Citrojim's Activa, 207 and Bike Tales

Tell us your ongoing tales and experiences with your French car here. Post pictures of your car here as well.

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Post by XantiaMan » 07 Jun 2009, 21:48

CitroJim wrote: work....

I shall miss my old 1.9TD. My first Xantia. I also do see why some prefer the 1.9TD over the 2.1TD. I have to say the 1.9TD does have a lot going for it and it's liviler than I ever recall...


You never did go out in my old TD Jim, you would have been quite surprised how a slightly tweaked one can perform. I miss it, an old faithful.
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Post by CitroJim » 20 Jun 2009, 21:08

It's been a bit of a while but I've been busy, both at work (nothing changed there :twisted: ), on the V6 and spending time with Val; the latter being very good time spent but it has somewhat kept me away from here :wink:

Apart from poor old Malcolm loosing a finger, the DSM Rally last weekend was a brilliant weekend :D I especially enjoyed Saturday's convoy. It was magical to witness so many DSs in convoy. Dave the rave and I were the back-markers along with Mick in his Traction Avant. Sadly, Mick broke down about three-quarters of the way to Wendover Wood and Dave and I stopped to offer assistance as the rest of the convoy went on ahead. Mick's problem was a heavy intermittent discharge, the reason we did not find the cause of until we returned to the rally site. The brake light switch operating rod had come loose and was intermittently shorting the power feed to the switch to earth.

Upshot was that I fell in love with the Traction and maybe one day one will become my next project :D For a 30s car they go very well and look so cool 8)

Today has been almost entirely spent on the V6 doing the final jobs before MOT. More on that in my V6 blog.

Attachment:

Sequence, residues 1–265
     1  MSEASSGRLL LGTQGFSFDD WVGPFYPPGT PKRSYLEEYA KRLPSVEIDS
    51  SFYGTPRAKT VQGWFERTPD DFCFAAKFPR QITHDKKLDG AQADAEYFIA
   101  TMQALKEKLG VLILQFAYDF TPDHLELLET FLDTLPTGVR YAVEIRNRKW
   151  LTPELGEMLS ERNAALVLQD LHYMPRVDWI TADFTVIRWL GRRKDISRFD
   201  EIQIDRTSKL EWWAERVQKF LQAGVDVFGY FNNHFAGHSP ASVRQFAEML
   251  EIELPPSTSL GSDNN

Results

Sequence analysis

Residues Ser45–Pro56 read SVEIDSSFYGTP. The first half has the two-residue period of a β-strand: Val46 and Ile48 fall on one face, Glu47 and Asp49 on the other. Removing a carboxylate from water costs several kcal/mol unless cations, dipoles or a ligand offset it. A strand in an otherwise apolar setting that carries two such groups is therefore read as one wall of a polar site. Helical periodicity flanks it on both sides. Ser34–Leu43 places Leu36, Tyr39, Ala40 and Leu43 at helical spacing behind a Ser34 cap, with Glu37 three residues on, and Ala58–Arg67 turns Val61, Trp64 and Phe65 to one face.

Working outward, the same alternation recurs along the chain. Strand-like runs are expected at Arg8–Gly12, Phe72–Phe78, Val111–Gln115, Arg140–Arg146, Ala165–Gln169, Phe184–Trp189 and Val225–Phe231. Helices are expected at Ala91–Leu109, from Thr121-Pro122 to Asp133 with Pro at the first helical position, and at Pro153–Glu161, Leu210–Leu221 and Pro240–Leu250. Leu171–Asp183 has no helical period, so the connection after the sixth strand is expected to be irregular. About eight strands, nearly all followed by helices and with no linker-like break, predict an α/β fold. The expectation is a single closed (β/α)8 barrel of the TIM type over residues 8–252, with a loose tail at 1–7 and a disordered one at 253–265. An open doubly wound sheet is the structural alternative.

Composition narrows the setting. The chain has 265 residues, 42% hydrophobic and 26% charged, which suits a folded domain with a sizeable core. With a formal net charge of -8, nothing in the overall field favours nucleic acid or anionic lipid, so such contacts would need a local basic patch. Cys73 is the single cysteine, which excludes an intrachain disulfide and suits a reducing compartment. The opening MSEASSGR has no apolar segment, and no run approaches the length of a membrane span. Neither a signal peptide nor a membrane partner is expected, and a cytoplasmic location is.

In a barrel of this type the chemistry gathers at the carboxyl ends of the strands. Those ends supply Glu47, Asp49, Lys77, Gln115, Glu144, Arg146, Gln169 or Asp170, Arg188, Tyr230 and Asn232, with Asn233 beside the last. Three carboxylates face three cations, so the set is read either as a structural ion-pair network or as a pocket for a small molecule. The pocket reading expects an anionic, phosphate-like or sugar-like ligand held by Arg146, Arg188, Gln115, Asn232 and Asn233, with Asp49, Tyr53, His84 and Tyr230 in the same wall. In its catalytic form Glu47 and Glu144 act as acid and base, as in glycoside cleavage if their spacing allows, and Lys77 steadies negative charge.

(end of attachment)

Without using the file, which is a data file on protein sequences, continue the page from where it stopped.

Sid The Squid visited me this afternoon in his LPG powered 1.8I Auto. He came for a gearbox oil change and to try and diagnose an engine running issue. The latter diid not meet with too much success just yet although some valuable clues were found. The former job went well and we used the Lexia to ensure the gearbox was at the right temperature when checking and adjusting the level of liquid gold in it. Suffice to say, as has been siad previously, it is very essential to have the AL4 at 60 degress when level checking and topping up.

The Activa and 2.1TD contine to perform faultlessly despite no maintenance recently. I took the Activa to the DSM and enjoyed the ride. I enjoyed it even more after it was used to demo DickieG's ELIT and the gathered hydractive ECU stored faults. Clearing them really does make a difference to the feel of the car; afterward it felt considerably tauter and more responsive on the handling side of things.

I do have a small problem with the Activa though. I discovered the passenger footwell was wet again. I noted this after our recent spell of hot weather when the aircon was heavily in use. On Sunday at the DSM rally I proved beyond doubt that aircon condensate is getting in the car. As soon as I have time in the week I'll be having an urgent look at that' foccussing attention on the plenum drain.

Next week I'm only working half-days. Such is the work I do nowadays that to be away for any stretch of time is impossible so in order to take some time off we've established a good old compromise of taking it as half days. Work is happy as they have me in the mornings and I'm happy as I have the afternoons to play cars!
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Post by Featch » 20 Jun 2009, 21:27

CitroJim wrote:It has been several months since I've driven the 1.9TD and I was very pleasantly surprised at what a fine car it still is. I'll be spending some time this week cleaning it up and giving it a full service ready for its new owner to collect on Friday.


And very pleased the new owner is too! I drove it back to Dudley to deliver it to son Vinnie's. A very pleasant sprightly car. More importantly it's had the approval of Vinnie's SWIMBO as well.
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Post by CitroJim » 20 Jun 2009, 21:33

Oh that's excellent Andy :D I've been wondering how Vinnie is getting on with her.
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Post by XantiaMan » 20 Jun 2009, 22:10

How many codes needing clearing on the Activa Jim? Mine needs the steering angle sensor doing again, its been a while.
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Post by Sl4yer » 21 Jun 2009, 00:29

XantiaMan583 wrote:How many codes needing clearing on the Activa Jim? Mine needs the steering angle sensor doing again, its been a while.


I cleared that once on mine, and it hasn't appeared again. Yet. But I suppose I've only had it for 7 months or so. What DOES reappear now and again is a 'Brake Pressure Sensor Intermittent Fault'. Not too worried about it, but trust it to be different!

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Post by CitroJim » 21 Jun 2009, 08:29